Belle Isle Marsh in the foreground, with Boston Logan Airport and the Boston skyline in the background.
Belle Isle Marsh Marshes like this one in East Boston are a critical natural climate solution and are also important for community access to green space. © Emma Gildesgame/The Nature Conservancy
Stories in Massachusetts

Equitably Funding Community-Led Climate Action

Elevating and empowering the communities most often impacted by climate change to fund and implement solutions on their terms.

Dianne Hills is the executive director of My Brother’s Table, a soup kitchen and service agency serving low-income residents in Lynn, on the North Shore of Massachusetts. Through her work, she has witnessed the disproportionate burden the residents of her city bear when it comes to climate impacts. Extreme heat has been especially harmful for the community.

“I’ve been a part of a group working on climate change adaptation and resilience, particularly around responding to extreme heat events in our community,” Hills says. “In Lynn, we have many people who are high risk for heat-related illnesses because of existing conditions. It doesn’t help that our city’s characteristics—sparse vegetation, heat-absorbing infrastructure and lack of access to air conditioning—put residents at additional risk.”

An aerial view of downtown Lynn with the ocean and Nahant beach and neighborhood in the background.
Community Climate Challenges The city of Lynn, Massachusetts, is the eighth-largest municipality in the state, and is one of many that contends with challenges like flooding and extreme heat. © Terageorge via Creative Commons

Communities and Climate Challenges

Hills' community isn’t the only one facing challenges from the effects of climate change. Recent years have brought people across Massachusetts and beyond face-to-face with the current and future realities, from heat stress and poor air quality to extreme weather and flooding. The impacts of these kinds of events are not felt equally by all. Areas with significant low-income communities, People of Color and recent immigrants often face more intense climate impacts. And, they don’t always have the resources available to manage them or recover after an event because of the lingering effects of historic redlining and modern-day systemic inequalities.

Residents of frontline communities like these are rarely included in conversations and decisions about the resources and solutions needed to address climate change impacts. Yet, they are the witnesses to what’s happening on the ground—their lived experiences and perspectives are critical. Since we must build a more resilient future for all, it is essential for communities to have authority over decisions that affect them.

Headshot of Jonathan Guzman in a blue suit jacket and yellow tie.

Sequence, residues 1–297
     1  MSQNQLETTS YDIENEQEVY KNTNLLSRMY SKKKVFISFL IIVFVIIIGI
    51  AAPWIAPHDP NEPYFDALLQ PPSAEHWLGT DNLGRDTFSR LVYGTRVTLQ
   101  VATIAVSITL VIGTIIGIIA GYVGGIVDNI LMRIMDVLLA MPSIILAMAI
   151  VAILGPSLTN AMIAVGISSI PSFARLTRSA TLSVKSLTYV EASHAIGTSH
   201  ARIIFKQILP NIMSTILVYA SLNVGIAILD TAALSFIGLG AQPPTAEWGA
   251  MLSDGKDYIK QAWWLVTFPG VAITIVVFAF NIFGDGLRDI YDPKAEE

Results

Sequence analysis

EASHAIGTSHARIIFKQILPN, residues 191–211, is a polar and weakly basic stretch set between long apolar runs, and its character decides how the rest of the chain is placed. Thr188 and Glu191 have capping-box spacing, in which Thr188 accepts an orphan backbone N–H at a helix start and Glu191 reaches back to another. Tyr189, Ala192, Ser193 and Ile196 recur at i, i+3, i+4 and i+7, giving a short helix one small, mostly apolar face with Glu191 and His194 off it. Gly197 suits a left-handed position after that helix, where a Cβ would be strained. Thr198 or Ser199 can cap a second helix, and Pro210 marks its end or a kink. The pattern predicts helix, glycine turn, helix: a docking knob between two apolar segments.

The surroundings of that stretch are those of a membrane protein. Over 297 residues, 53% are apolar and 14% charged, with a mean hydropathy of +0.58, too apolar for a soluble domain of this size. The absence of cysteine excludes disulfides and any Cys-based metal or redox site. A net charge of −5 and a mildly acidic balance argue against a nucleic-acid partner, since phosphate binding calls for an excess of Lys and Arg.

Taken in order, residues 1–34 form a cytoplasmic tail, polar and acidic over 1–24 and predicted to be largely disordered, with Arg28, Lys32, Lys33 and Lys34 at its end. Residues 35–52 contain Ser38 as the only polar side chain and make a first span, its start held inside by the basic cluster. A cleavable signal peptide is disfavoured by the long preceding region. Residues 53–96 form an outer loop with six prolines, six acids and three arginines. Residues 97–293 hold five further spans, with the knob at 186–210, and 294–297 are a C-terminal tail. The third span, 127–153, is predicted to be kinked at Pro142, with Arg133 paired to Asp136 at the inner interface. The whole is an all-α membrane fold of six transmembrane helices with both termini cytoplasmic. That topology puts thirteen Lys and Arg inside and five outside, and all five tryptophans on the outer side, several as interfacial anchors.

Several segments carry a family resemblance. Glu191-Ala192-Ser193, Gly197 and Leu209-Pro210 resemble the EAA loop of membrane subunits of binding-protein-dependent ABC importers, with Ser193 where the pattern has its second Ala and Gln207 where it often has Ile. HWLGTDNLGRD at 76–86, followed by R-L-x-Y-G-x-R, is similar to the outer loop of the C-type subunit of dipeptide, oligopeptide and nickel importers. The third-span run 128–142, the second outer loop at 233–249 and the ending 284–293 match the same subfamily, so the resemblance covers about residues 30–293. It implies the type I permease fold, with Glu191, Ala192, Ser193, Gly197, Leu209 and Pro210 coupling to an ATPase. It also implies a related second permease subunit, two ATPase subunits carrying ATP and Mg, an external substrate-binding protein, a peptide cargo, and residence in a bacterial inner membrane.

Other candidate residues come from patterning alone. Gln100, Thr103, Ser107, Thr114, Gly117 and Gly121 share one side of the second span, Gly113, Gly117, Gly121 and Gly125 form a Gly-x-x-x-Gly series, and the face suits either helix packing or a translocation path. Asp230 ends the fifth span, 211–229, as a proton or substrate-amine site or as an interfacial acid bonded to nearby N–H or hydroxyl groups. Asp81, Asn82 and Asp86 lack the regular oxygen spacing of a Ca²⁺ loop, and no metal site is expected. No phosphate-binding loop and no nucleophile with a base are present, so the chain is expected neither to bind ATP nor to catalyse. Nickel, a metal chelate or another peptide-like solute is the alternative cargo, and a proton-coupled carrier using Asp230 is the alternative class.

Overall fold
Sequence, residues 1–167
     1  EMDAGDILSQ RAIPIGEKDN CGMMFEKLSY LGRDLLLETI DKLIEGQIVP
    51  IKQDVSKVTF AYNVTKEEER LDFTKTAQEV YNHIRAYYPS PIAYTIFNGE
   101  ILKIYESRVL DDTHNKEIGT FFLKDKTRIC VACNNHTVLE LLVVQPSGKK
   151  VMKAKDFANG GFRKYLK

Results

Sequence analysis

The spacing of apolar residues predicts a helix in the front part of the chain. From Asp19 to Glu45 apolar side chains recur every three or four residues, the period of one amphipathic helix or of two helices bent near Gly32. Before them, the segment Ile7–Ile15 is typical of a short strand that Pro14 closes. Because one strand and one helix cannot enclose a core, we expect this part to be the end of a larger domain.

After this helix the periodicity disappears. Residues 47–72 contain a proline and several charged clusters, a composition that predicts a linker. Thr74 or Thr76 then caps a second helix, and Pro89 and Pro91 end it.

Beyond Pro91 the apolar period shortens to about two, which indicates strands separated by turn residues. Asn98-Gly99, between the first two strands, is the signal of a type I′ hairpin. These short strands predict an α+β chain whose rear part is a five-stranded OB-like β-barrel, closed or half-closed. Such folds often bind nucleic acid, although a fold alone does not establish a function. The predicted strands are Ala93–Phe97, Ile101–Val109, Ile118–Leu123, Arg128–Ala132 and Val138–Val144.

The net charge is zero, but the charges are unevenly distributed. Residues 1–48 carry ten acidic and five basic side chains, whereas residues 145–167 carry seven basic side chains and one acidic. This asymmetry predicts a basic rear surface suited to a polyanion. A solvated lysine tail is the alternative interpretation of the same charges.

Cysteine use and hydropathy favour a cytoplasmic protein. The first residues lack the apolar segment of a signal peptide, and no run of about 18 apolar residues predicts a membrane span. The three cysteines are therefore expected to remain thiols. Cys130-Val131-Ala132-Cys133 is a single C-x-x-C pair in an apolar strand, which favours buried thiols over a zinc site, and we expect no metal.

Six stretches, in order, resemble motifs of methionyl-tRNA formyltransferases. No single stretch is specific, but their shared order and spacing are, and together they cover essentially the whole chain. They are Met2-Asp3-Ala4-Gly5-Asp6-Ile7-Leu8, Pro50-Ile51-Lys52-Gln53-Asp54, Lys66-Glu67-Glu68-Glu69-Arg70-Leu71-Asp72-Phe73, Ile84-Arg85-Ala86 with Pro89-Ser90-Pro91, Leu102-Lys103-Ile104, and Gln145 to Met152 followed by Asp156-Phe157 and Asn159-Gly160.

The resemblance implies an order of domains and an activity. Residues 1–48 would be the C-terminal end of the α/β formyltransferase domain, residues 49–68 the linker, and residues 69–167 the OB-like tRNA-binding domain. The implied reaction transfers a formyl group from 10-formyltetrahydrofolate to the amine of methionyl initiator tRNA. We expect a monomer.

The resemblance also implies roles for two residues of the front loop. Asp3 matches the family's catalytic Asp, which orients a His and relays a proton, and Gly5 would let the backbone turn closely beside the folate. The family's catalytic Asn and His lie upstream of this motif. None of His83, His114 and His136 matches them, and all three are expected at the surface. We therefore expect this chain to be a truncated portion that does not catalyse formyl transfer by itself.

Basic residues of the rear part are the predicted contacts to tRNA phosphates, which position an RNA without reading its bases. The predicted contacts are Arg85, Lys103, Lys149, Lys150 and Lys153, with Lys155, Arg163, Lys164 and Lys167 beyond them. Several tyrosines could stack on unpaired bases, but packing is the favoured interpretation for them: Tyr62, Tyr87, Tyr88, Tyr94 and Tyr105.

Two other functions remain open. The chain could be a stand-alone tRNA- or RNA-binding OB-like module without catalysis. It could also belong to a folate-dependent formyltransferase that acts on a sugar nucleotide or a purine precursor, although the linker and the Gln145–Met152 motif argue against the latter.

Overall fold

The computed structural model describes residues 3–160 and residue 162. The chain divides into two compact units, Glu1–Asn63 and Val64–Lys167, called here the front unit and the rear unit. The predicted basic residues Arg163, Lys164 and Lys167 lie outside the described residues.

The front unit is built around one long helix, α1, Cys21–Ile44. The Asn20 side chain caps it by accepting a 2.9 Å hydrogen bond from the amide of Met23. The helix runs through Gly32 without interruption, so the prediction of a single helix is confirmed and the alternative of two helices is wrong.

Jonathan Guzman External Affairs Manager for Groundworks Lawrence © Jason Barbosa

“When residents and community are a part of the decisions about their surroundings, it brings ownership and purpose,” says Jonathan Guzman, External Affairs Manager at Groundwork Lawrence, a nonprofit focused on building a healthy community in the city of Lawrence through engagement with all residents. “They feel empowered to improve quality of life and build healthier communities.”

Weaving Equity Into Climate Funding

It’s not just about developing equitable solutions and resources for climate adaptation—equity needs to be a part of how resources get allocated to implement solutions. Organizations like Groundwork Lawrence, My Brother’s Table and countless others who are embedded in addressing the challenges their communities face haven’t always been invited to or included in the critical convening of local leaders that shape the funding and tools for addressing the causes and impacts of climate change. The funding that is available is often hard for low-income communities to access and has restrictions or requirements that can make it harder for community-based organizations to meet their unique combination of needs, opportunities and challenges. 

A playground flooded with one to two feet of water at Tennean Beach in Dorchester, with warehouses in the background.
Challenges Exacerbated by Climate Change King tide flooding, or sunny day flooding, at Tennean Beach in the Dorchester neighborhood of Boston © Christian Merfeld

Given Massachusetts’ commitment to addressing climate change—with robust 2030 and 2050 targets, plans and policies—it is essential that equity is front and center throughout the process of developing and implementing solutions. In working alongside the state toward these climate goals, The Nature Conservancy, other environmental organizations and community-based organizations noticed the gap in state initiatives to effectively meet the climate funding needs of communities.

“Current funding and programs for climate mitigation and adaptation often reinforce structural racial and economic inequalities in the state,” says Emma Gildesgame, climate adaptation scientist for TNC in Massachusetts. “So, we partnered with community-based, equity-focused, grassroots organizations to learn from their first-hand experiences and knowledge and start working differently to get better results.”

Equitable Partnerships and Processes

Since 2019, a core team of conservation, environmental justice and community advocacy organizations—convened by TNC—has come together with the goal of securing additional funding for addressing the causes and impacts of climate change, with an intentional focus on underserved people of color and low-income people previously underserved by funding programs. In direct partnership with community organizations and residents, the core team assessed the existing funding gaps and identified opportunities to improve what’s already in place. 

A funding consultant also generated several proposed solutions for equitable and sustainable funding. The team then settled on a solution that places a fee on real estate property insurance, which would fund initiatives that provide benefits to communities and strengthen their health and well-being.

North Canal runs through a section of downtown Lawrence with large buildings on either side.
North Canal, Lawrence Groundworks Lawrence was one of the community-based organizations on the project core team. © Terageorge via Creative Commons